MSNBC's Morning Joe brings all-star education panel to Tampa that doesn't feature any teachers
The biggest portion of his show, concluded just a few minutes ago, was an all-star panel convened to discuss education issues. And it didn't feature a single professional educator.
Instead, former Pensacola-area Congressman Scarborough talked with activist Al Sharpton, singer/advocate John Legend, Los Angeles Urban League head Blair Taylor, New York Mayor Michael Bloomberg and co-host Mike Barnicle.
What was most striking, in fact, was the lack of local voices on the broadcast. Area education notables, including the Hillsborough County schools superintendent, the Florida Teacher of the Year and the chair of Hillsborough County's school board sat in the audience's front row, little more than smiling props brought in to watch the discussion.
It was topsy turvy scene; while a selected audience of more than 200 educators looked on, Scarborough's panel talked in more detail about schools in Harlem and Los Angeles than Florida, leaving open the question of why the show chose to come to Tampa in the first place. Eventually, co-host Mika Brzezinski took questions from the crowd for the panel, leading to an even odder sight; experienced educators asking a group of politicians, activists and TV anchors for answers on the nation's pressing education problems.
The show also unveiled a partnership with Starbucks in which a portion of proceeds from the sale of the coffee chain's Morning Joe blend of coffee -- or perhaps another product, they weren't quite clear on that point -- will go to help the show's Great Expectations education initiative. How exactly that will happen -- how much money, and where will the money go and who decides -- that wasn't really explained.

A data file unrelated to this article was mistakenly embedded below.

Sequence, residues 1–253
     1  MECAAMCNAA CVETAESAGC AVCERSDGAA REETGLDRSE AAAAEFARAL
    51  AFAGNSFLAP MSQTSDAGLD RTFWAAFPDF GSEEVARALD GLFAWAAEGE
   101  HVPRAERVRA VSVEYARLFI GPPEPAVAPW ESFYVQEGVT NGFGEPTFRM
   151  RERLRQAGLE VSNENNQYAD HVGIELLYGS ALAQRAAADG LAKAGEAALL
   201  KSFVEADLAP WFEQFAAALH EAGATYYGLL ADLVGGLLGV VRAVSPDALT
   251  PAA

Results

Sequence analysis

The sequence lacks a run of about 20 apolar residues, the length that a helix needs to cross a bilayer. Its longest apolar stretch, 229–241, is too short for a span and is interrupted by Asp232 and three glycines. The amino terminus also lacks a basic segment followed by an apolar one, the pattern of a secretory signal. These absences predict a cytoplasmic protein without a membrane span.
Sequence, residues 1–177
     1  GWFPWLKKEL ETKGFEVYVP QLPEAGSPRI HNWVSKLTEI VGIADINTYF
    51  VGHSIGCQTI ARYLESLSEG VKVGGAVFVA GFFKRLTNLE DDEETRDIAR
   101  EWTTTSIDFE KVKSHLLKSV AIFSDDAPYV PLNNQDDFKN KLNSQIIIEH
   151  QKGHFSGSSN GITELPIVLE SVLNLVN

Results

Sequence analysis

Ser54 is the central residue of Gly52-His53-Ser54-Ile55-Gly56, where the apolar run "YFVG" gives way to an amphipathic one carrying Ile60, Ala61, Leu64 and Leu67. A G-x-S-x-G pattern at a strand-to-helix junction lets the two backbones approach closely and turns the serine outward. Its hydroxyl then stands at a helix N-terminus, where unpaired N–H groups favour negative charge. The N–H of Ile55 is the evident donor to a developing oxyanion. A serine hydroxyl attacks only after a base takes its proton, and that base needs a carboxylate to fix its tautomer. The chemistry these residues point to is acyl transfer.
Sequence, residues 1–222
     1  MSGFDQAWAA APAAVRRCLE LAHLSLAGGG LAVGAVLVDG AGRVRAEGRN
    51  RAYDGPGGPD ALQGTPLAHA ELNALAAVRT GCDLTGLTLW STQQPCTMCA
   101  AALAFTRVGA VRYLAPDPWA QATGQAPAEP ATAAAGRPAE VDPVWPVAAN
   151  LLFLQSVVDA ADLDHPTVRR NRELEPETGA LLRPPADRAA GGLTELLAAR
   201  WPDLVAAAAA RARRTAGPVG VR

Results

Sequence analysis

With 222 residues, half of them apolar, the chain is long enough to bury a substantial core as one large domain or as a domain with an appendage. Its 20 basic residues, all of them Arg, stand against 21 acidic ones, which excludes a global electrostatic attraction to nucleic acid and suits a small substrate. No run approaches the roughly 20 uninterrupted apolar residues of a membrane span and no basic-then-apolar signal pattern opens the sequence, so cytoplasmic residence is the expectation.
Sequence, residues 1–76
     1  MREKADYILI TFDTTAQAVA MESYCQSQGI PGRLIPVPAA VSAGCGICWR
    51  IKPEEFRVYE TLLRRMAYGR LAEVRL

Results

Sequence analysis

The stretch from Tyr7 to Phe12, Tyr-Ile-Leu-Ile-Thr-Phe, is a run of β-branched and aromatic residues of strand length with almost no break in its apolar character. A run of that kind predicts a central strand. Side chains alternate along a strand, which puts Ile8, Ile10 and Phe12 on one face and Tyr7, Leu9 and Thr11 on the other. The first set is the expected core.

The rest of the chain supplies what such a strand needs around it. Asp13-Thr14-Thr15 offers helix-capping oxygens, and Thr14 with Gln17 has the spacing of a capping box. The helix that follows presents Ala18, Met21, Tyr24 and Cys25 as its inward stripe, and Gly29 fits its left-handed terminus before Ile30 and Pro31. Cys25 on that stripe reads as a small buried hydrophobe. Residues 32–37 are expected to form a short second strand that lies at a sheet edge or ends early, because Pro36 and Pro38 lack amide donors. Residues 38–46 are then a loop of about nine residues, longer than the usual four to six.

But Brzezinski sure looked sharp holding up a bag of the coffee on air, in a pose even Scarborough admitted "looked like the Home Shopping Network."Ironically, the biggest local voice scheduled for the show -- former Florida Gov. Jeb Bush -- spoke to the program from a studio in New York City, touting the Florida Senate's recent vote for a bill expanding the state's voucher program and linking teacher pay to the performance of students.
It's an important piece of legislation -- one that could mark a conservative transformation of the state's school system. But Scarborough's show didn't spend much time talking about the details of the law, beyond cheerleading its general provisions -- not coincidentially, Scarborough, Barnicle and Bush all seemed to support the legislation.
The assembled audience mostly registered its feedback by applause, clapping when panelists stressed parental involvement, paying teachers more to get good personnel and better media coverage of education issues.
In the end, Scarborough's Tampa show felt like a good idea hijacked by a focus on big names and a lack of participation by people who are actually educating the nation's children.
Next time the show holds a town hall meeting on education, I really hope they allow some teachers and professional educators to have more than a few words in the spotlight.